Paulton's Park website does give some public transport instructions, but you know what it's like when you are somewhere new: it all seems a bit daunting. Not only would we have to look out for the apparently hidden bus stop near the park, but there'd then be a 15-20 minute walk own the drive to the park's entrance. In retrospect, we should totally have gone for the bus both ways. Here are the facts:
Journey out, taxi from the hotel, quoted price of £17-18. We hit a totally unexpected traffic jam, Item puked up strawberry and yoghurt on the back seat (thank you, very kind taxi driver, for only becoming very very slightly less kind), and the driver decided to double back on a different backroad route, finally dropping us at the Paulton Park gates, since the jam continued up that driveway. Cost: £35, plus a hefty tip for cleaning the seat. And the walk was negligible when it came to it; we really shouldn't have let it put us off.
Journey back, bus from the bottom of the same driveway. Very clear timetables and a text-to-know-when-the-next-bus-is-coming facility - the bus is hourly, something else that had put me off, but which in retrospect was just fine; we just kept an eye on the clock and timed our exit carefully. Plus, there's a pub, the Mortimer Arms, opposite on the same road where you can while away any extra time (and incidentally, they have rooms, so it's another accommodation option). Total cost: £6.00. Item travelled free. The bus passed the station, and dropped us off in the centre of town. Only one other family was at the bus stop with us, against hundreds and hundreds of cars in the carpark.
But wait a minute, why, given that we'd been oh so very clever and come on Item's INSET day, were there cars parked as far as the eye could see? We don't know, but our best guess is that it was also an INSET day in Hampshire, since Twitter mates tell us that they had had a much less busy visit. Plus, there is actually a bus stop outside the entrance, but it seems the bus only comes up that way during term times (erm, why?) and it certainly wasn't coming up that Monday.
What is Peppa Pig World like?
You know what? It was absolutely brilliant. They might have been tempted to phone it in, putting out generic rides but with a few Peppa characters painted on the side. But no, they had gone all out. There were flagship rides which were just truly stunning to look at: Windy Castle, Mrs Rabbit's Helicopter Ride, and Peppa's Big Balloon: they towered above the park looking unlike anything you've ever seen before.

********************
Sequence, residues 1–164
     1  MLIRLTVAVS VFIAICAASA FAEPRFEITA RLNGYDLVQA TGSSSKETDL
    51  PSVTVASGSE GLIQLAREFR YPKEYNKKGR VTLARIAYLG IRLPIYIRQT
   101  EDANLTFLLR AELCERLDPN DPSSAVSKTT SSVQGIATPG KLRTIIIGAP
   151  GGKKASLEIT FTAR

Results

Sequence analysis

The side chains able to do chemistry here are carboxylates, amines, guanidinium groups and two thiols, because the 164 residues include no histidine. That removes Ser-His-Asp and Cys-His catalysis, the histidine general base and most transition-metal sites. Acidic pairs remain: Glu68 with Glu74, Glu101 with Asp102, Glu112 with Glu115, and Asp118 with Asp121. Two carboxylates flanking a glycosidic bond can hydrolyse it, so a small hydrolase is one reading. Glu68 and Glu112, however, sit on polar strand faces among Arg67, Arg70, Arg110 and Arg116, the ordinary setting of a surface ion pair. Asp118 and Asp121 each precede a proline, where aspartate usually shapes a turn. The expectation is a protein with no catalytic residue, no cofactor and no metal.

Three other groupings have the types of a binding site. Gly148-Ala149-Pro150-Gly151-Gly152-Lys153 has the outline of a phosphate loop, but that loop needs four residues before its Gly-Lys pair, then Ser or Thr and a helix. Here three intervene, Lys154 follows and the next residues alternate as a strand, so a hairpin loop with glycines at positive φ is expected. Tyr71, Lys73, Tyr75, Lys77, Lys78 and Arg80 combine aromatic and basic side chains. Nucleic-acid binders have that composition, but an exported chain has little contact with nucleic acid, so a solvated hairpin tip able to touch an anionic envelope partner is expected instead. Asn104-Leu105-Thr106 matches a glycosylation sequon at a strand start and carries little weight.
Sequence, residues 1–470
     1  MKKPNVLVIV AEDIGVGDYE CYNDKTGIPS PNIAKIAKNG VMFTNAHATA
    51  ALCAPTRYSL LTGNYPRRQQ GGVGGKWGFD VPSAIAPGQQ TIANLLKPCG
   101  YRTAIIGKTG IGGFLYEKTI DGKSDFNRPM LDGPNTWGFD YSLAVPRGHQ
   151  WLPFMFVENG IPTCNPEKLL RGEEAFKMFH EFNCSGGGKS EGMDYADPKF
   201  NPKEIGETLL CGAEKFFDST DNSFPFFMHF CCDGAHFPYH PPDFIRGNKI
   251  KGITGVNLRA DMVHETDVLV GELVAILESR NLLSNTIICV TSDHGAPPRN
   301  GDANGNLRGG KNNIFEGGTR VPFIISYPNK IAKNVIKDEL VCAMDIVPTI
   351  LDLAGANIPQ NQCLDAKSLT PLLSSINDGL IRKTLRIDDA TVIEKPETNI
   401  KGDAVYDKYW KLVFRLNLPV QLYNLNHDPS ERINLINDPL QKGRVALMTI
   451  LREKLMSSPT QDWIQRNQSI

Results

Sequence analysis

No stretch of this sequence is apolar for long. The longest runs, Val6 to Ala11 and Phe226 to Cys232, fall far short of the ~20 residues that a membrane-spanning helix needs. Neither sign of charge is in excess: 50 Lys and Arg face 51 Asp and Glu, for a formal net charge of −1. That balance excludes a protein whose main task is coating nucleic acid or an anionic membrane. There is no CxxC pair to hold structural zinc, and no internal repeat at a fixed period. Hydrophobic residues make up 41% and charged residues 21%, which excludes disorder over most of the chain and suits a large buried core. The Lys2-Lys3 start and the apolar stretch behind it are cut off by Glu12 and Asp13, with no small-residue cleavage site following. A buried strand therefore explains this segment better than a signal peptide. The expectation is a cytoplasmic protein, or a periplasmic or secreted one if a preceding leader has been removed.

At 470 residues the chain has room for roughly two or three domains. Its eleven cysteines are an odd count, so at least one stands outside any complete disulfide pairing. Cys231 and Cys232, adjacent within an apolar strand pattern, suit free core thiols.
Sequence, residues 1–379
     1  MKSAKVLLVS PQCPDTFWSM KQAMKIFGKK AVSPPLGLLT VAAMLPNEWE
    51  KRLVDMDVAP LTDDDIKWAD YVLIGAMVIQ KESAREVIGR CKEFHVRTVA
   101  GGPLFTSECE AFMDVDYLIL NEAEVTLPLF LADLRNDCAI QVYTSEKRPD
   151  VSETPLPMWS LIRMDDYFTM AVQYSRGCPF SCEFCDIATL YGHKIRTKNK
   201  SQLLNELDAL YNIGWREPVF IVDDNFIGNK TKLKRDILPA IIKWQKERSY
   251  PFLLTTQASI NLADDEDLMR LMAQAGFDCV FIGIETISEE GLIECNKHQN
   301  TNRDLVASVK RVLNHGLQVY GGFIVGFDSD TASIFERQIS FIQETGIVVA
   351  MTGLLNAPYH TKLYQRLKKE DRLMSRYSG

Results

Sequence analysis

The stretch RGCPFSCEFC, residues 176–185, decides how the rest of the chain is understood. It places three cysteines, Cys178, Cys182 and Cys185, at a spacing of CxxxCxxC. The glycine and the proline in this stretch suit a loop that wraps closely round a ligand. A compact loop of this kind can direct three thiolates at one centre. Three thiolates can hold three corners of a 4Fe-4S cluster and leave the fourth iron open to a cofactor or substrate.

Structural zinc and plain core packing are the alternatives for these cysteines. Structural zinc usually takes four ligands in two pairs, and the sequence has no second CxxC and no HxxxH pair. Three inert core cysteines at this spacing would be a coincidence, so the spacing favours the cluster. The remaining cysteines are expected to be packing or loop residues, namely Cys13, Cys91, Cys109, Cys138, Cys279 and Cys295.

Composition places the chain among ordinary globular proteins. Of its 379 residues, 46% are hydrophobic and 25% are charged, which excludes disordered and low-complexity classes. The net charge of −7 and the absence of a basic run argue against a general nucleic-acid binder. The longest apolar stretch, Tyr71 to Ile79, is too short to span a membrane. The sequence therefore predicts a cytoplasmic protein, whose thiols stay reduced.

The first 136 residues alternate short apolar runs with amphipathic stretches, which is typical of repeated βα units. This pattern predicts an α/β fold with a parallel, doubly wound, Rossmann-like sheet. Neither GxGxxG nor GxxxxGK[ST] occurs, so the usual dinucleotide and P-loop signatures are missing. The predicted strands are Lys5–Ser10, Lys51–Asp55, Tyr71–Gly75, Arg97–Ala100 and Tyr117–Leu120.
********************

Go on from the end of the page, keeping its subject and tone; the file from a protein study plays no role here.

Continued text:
Then, at ground level, there were buildings made to look exactly, in every detail, like Peppa's house, the school, the museum and so on. Actually, the attention to detail was really pleasing. Even the safety announcements were voiced by the same bloke who narrates the cartoons. Also, the theme tune, 'Big Balloon' and other PP favourites were piped across the whole park, giving it a kind of Tokyo subway feel.
There are figures galore, adult height, all in the same delighted position, arms up at 45 degrees: whichever character you're fond of, no matter how minor, you'll find them here. I loved that the trees, flowers and ducks were slavish copies of the 2D world depicted in the cartoon.
The only downside was the queues. As it happens, Item was reluctant to go on any of the high rides (though, if there had been no queues, I would have been keen and I reckon I could have persuaded her to join me). The park obviously expected queues on busy days and had used its experience to manage them well, doubling them back on themselves and keeping everything orderly. But it was very dispiriting to wait for an hour to go on a four-minute ride - that's what happened with George's dinosaur ride.
I'm glad we did one ride, and this was fittingily surreal - each of us climbed on a small green dinosaur and was taken around a track, first through Grandpa Pig's garden and then through steaming volcanoes. We missed riding in the cars or the boats, because that would have meant investing another two hours in queuing.
To be fair, this has not dented Item's enjoyment. There were other things to do: a water park, in imitation of the muddy puddles that Peppa and her family jump in at the end of most episodes; an indoor play area with some a superior ball-pit utilising air to make the balls hover and rush through transparent pipes; a decent playground. Then you could have your photo taken inside the school house or go and watch animatronic pigs speaking in Peppa's house. We came away very happy with our day and with a shared family experience we'll talk about for a while.
Apart from the queues, our only disappointments were the cafe (bland, over-priced food; bring your own, although the coffee was surprisingly acceptable) and a kiosk in the middle of the park where you had to pay to have a go at a ball-toss competition that was one of those takes 10 seconds, costs £2, and you haven't won anything deals.
But in short, highly recommended. Especially if you can be wiser about the day you choose than we were.
*Not her real name, no.